General Motors’ March 4, 2009 filing on Form 10-K (here), among other things, reflected the doubts of the company’s auditor, Deloitte & Touche, of the company’s ability to continue as a "going concern."
The auditors, quoted in the company’s filing, said that "the corporation’s recurring losses from operations, stockholders’ deficit, and inability to generate sufficient cash flow to meet its obligations and sustain its operations raise substantial doubt about its ability to continue as a going concern."
The company itself said in the filing that its future depends successfully executing its restructuring plan. The company said that "if we fail to do so, we will not be able to continue as a going concern and could potentially be forced to seek relief through a filing under the U.S. Bankruptcy Code."
General Motors may be the most prominent company to have been dealt a going concern opinion, but it is far from alone. Indiana-based insurer Conseco recently said (here) its auditors have doubts about its ability to continue as a going concern. Similarly, senior adult-residence developer Sunrise Senior Living also recently announced (here) that it has received a going concern opinion. Other companies that have recently announced that have received or anticipate receiving a going concern opinion include Allied Capital, Lear and UTStarcom.
The likelihood is that the number of going concern opinions will escalate in 2009. In a recent interview (here), the CEO of Grant Thornton predicted that the number of going concern opinions could hit an "all-time high" this year. Separately, he also said (here) that "we’ll see an unprecedented number of going concern footnote disclosures and clarifications from the auditors." Industries that are likely to be hard hit include automotive, residential construction, manufacturing, financial services and retail.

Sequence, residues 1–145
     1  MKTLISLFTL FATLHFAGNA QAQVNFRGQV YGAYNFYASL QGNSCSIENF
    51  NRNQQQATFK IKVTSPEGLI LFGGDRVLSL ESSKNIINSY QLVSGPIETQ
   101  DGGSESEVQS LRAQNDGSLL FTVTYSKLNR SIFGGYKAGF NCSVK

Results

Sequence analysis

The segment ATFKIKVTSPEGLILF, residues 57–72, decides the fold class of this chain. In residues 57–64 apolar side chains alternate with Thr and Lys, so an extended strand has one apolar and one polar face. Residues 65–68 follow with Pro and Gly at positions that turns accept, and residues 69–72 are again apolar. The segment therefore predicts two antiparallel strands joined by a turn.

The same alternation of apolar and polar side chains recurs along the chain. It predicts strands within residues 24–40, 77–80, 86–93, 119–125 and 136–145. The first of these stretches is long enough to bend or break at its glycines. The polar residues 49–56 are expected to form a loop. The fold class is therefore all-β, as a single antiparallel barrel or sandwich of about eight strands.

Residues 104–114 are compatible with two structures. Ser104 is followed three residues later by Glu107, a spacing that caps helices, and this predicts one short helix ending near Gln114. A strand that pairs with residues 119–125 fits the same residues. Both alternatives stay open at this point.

The problem with going concern opinions is that they can become self-fulfilling prophecies. A March 5, 2009 CFO.com article entitled "The Growing Concern over Going Concern" (here), stated that "the revised status can further hinder a company on the brink of filing for Chapter 11 from avoiding bankruptcy court," because the qualification spooks "investors, suppliers and lenders."
In other words, the increase in going concern opinions could amplify the already escalating number of bankruptcies. (According to one report, here, the number of bankruptcies in February 2009 was up 29% over a year ago.)
Among other things, this likelihood of increased bankruptcies also means the potential for an increase in claims against the directors and officers of the failing companies.
A bankruptcy filing is particularly likely to be followed by claims against the bankrupt company’s directors and officers. In its recent report analyzing the 2008 securities lawsuits (about which refer here), the information database firm Advisen noted that the rising number of bankruptcies "almost certainly will be accompanied by an increase in securities lawsuits."